And don’t get me started on the repeated reference to the Catholic Church as Moore’s (sole) exemplar for anti-capitalist morality. There are a lot of things that might be said about the Church, and undoubtedly a lot of good people working through it, but its corporate structure and massive financial holdings don’t exactly map for us a vision of a world beyond capital.

Moore’s argumentive style in Capitalism, more so than even his other films, is almost always emotive and anecdotal. A long section on so-called “dead peasant insurance”—the practice of companies taking out insurance policies on rank-and-file workers—never connects the practice to larger injustices, and tragedies like Hurricane Katrina or the death of a young mother are evoked for cheap pathos that stands in for actual critique. Small, isolated victories against boilerplate villains like foreclosing banks are taken as exemplary of a mass movement that, I’m sorry to report, doesn’t seem to actually exist. And as is increasingly the case with Moore, the film’s primary mode is unrepentant self-congratulation, incoherently casting failures as victories in much the same way as Slacker Uprising; Moore figures more and more in his films as the hero of a revolution that never came, that only happened in his dreams.

Even the visual style of the film is significantly inferior to recent offerings like Bowling, Fahrenheit, and Sicko; the film feels thrown together, even phoned in.

It should be said that Jaimee, Tim, Alex, and Julie all seemed to like the film rather more than I did, and their replies to these arguments generally fell along two lines:

1) It’s a Michael Moore movie. What did you expect?
2) Okay, but [Sequence X] was actually quite good.

Taking these in reverse order: it’s true that the film does have some rather nice individual sequences. One that springs to mind is an investigation into corruption surrounding a privatized juvenile-detention prison in Wilkes-Barre, Pennsylvania, in which two judges were recently indicted on racketeering charges for funneling children into the prison in exchange for kickbacks. But as terrible as this story is, like most of the film’s examples this is still local and anecdotal, suggestive of reform and “bad apples” and not total system failure. It is too rarely that the film rises above the level of mere anecdote to the level of system, though it does here and there, as in its discussion of an unexpectedly forthright internal Citibank memo that declares America a “plutonomy” (for my money the film’s best sequence).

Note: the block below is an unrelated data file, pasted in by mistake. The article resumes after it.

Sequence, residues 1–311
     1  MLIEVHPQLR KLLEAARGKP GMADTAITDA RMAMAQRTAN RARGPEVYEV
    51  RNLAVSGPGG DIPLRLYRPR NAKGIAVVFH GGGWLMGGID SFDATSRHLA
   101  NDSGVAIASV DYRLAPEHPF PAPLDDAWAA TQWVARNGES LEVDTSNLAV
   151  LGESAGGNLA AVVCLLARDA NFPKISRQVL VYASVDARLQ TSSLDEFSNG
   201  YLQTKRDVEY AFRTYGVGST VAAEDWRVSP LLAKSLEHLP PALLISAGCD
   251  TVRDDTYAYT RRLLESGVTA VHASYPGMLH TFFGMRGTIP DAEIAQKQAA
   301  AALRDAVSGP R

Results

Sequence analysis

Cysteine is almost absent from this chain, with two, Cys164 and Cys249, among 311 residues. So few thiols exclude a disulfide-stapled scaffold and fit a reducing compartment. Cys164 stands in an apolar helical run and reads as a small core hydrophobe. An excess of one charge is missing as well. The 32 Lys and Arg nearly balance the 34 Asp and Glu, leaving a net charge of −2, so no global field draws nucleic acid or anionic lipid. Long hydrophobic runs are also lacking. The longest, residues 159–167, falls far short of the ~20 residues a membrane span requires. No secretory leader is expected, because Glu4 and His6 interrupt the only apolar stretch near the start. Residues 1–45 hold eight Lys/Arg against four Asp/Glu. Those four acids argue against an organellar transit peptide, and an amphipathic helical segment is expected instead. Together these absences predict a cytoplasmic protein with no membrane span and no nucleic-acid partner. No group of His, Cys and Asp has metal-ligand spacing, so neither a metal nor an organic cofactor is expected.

(EDIT: Just a quick after-the-post interjection that while talking to Jaimee I was reminded about the striking footage of FDR and his proposed “Second Bill of Rights,” which is actually the film’s best sequence, as well as an approach to reform/revolution that could have structured a better version of this film.)

And yes, it’s just a Michael Moore film and not Capital, and yes, rigor must sometimes be compromised in exchange for mass appeal. But we shouldn’t mistake spectacle for revolution, either; Paramount’s release of this film is much less the capitalist selling you a rope with which to hang him than the capitalist selling you a picture of a rope. At times the film can barely keep up the pretense of being about anything more than fluffing Michael Moore’s ego, with scene after scene of him shouting impotently in front of buildings in precisely the same way he has for the last 20 years. (The film depicts these moments not as futile but as, of course, heroic, including impotently-shouting-outside-buildings footage from Roger & Me without any apparent sense of irony.) The film ends with Michael Moore threatening not to make any more movies for us at all unless we get off our asses and revolt—but the film, primarily a love song to his own career, provides absolutely no roadmap for collective action. Even An Inconvenient Truth, flawed as its call for action was, at least told us to change our lightbulbs; beyond a visit to Moore has no apparent thoughts whatsoever as to how a successful anti-capitalist political coalition might be forged in America today.

I’ll go out on a limb and bet it doesn’t begin with a film like Capitalism. If I’m wrong, I owe Michael Moore a Coke.

More Michele Bachmann Alternate Universe Woes

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More information is coming out about the alternate universe Michele Bachmann comes from: it turns out that in Bachmann’s timeline it was FDR’s Hoot-Smalley tariffs that turned an otherwise run-of-the-mill recession into the Great Depression.